A rediscovered motet by Pierre de la Rue

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Much of the sacred music written before 1600 has not survived. Entire libraries of music manuscripts have been destroyed by wars, fires, vandalism, or natural disasters; other manuscripts have become unreadable due to corrosive ink and deteriorating paper. Still other music manuscripts have survived only in an incomplete form, missing one or more of the parts that are required to sing the music. Surviving inventories from sixteenth-century music libraries contain lists of hundreds of Masses, motets, and other works that can no longer be sung. For generations, Pierre de la Rue’s Salve Jhesu summe bone was thought to be one of these works, appearing in a list of motets sung at the court of the Spanish king Philip II but not surviving in any known manuscript or print source. This omission was particularly unfortunate since only a handful of motets by La Rue have survived at all; he is known today as a composer mostly for his masses. Occasionally, however, a work thought to be lost resurfaces, and in 2018 the musicologist Eric Jas of the University of Utrecht announced the rediscovery of Salve Jhesu, which had been preserved as an anonymous work in a manuscript in the German town of Kassel.

Pierre de la Rue was a prolific composer of sacred music, and his work reflects the prestige of the court where he worked (the Habsburg-Burgundian chapel in Mechelen) as well as the rich devotional tradition of the Low Countries. With its long text on the theme of the Precious Blood of Christ, Salve Jhesu would have been well-suited to use by the many confraternities that held devotional services in churches throughout the Burgundian lands, particularly the confraternities dedicated to the Holy Cross. The great length of this setting (263 measures, lasting about ten minutes) is typical of large-scale motets written around 1500, and it allows La Rue to respond to the different images of the text with expressive changes of texture.

On Corpus Christi Sunday (June 23, 2019), the motet Salve Jhesu summe bone by Pierre de la Rue was sung during Solemn Vespers and Benediction at the Toronto Oratory. The motet was performed by: Andrea Ludwig, soprano; Simon Honeyman, Daniella Theresia, altos; Dave Finneran, James Renwick, tenors; Victor Cheng, Sean Nix, basses; Aaron James, conductor. It was the first performance since its rediscovery – and perhaps even the first performance since its “disappearance” sometime in the seventeenth century.

The text of Salve Jhesu summe bone is printed below; the poem honours the Precious Blood of Christ, setting seven stanzas of a devotional poem by the Cistercian abbot Arnulf of Leuven:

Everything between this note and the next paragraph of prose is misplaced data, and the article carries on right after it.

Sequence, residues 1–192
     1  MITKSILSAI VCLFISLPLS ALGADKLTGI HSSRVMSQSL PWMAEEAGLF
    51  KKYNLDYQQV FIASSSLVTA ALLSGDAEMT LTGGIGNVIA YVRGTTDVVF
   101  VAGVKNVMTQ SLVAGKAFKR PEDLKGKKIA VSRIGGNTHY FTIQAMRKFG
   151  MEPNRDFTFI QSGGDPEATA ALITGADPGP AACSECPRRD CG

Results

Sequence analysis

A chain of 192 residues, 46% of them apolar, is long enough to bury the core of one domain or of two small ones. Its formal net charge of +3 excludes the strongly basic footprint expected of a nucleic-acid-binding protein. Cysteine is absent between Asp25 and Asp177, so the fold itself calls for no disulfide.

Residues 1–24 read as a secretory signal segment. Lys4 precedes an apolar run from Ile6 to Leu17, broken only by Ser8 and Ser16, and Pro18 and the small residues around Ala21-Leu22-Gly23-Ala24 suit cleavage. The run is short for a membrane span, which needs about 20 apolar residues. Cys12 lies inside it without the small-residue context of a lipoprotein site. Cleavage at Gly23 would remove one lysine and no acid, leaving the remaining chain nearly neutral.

Salve Jhesu summe bone,
Ad parcendum nimis prone,
Membra tua macelenta,
Quam acerbe sunt distenta,
In ramo crucis horride.

O maiestas infinita,
O aegestas inaudita,
Quis pro tanta charitate,
Querit te in veritate,
Dans sanguinem pro sanguine.

Sanguis tuis abundanter,
Fusus est incessanter,
Totus lotus in cruore,
Pendens in maximo dolore,
Praecinctus vili tegmine.

Ecce fluit circumquaque,
Per corpus tuum membraque,
Sanguis tuis copiose,
Rubicundus instar rose,
Magne salutis premium.

O quam large te exponis,
Promptus malis atque bonis,
Trahis pigros pios vocas,
Et in tuis ulnis locas,
Paratus gratis omnibus.

Grates tante charitati,
Nos agamus vulnerati,
O amator peccatorum,
Reparator confractorum,
Dulcis pater pauperum.

Quidquid in nobis est confractum,
Dissipatum aut distractum,
Jhesu bone totum sana,
Tu restaura tu complana,
Tam pio medicamine. Amen.

Hail Jesus, highest goodness,
So inclined to indulgence;
Your tortured limbs are
horridly stained on the rough
branch of the cross.

O Infinite majesty,
O unheard necessity;
who for your great love
seeks you in very truth
and gives blood for blood?

Your blood is abundantly
and incessantly spilled;
entirely stained by the blood stream
you stand in utmost pain,
covered by a shabby garment.

Look, your blood flows
lavishly everywhere
over your body
and limbs, like red roses,
the price of great salvation.

O how generous do you show yourself
towards man, both bad and good,
drawing the unwilling and calling the loyal,
taking them in your arms,
ready to welcome all.

Thanks to this great love
we can stand the injured,
O you loyal friend of sinners,
healer of broken man, and
dearest father of the poor.

That which in me is broken,
scattered or torn,
good Jesus, bring it again together,
restore and rebuild it all
through a sacred medicine. Amen.

(trans. Willem Elders)

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